But even at the risk of infringing on the principle of free speech and decreasing engagement for a period — which is to say, hurting their own bottom lines — Twitter and Facebook must muzzle Trump as the election nears.
The platforms have already told the president that they won’t host comments suggesting that the election is being stolen, and he continued posting them. Why would anyone expect him to listen when they tell him not to question the outcome of the election or call on supporters to contest it with violence? This is someone who literally shared fake news when he recently tweeted an article about Twitter’s temporary outage from a satirical website. It is time to proactively silence him from both platforms.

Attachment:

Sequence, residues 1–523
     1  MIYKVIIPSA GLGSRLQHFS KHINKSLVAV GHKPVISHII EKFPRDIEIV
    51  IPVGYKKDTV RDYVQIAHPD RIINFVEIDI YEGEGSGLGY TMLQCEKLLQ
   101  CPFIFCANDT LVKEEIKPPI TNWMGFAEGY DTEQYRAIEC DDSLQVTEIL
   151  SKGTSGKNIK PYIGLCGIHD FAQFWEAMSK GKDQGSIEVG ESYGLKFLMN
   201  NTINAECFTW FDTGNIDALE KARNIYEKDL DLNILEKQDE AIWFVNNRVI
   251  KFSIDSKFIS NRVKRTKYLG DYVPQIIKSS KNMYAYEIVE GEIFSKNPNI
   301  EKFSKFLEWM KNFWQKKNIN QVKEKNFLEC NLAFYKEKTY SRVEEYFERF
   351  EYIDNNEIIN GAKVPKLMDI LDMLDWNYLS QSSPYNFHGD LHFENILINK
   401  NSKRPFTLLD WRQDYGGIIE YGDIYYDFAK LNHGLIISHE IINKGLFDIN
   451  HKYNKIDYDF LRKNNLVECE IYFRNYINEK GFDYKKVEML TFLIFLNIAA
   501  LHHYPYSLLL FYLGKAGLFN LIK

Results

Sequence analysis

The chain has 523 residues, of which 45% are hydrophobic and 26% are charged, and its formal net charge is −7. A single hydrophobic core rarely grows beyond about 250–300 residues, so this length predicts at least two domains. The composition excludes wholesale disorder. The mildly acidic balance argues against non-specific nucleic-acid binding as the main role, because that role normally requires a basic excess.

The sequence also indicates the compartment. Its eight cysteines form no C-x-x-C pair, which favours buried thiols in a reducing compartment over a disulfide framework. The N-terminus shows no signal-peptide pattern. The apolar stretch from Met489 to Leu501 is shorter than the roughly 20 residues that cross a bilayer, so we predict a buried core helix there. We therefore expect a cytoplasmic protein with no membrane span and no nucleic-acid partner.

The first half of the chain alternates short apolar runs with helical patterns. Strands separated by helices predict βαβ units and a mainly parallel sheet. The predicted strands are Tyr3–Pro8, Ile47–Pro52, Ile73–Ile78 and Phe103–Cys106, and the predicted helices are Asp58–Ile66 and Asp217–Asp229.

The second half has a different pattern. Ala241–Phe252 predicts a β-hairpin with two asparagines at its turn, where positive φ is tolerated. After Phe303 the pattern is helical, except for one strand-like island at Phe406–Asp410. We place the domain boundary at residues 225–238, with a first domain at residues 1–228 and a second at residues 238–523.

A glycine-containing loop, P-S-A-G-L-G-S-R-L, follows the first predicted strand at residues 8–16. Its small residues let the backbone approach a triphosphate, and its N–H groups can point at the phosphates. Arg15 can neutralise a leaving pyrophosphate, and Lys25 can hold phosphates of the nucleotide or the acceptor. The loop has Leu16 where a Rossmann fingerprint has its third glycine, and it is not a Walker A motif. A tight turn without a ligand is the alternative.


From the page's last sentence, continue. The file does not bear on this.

In the past few weeks, between his jaw-dropping, raving debate performance and his frenetic late-night tweeting while in treatment for his coronavirus infection, the president has been entering a dangerously desperate moment. Losing an election is a personal rejection by the people and isn’t easy for any politician to swallow. Losing an election while facing bankruptcy and countless criminal investigations is much harder. The president, if the New York Times’s tax research is to be believed, is too broke to lose.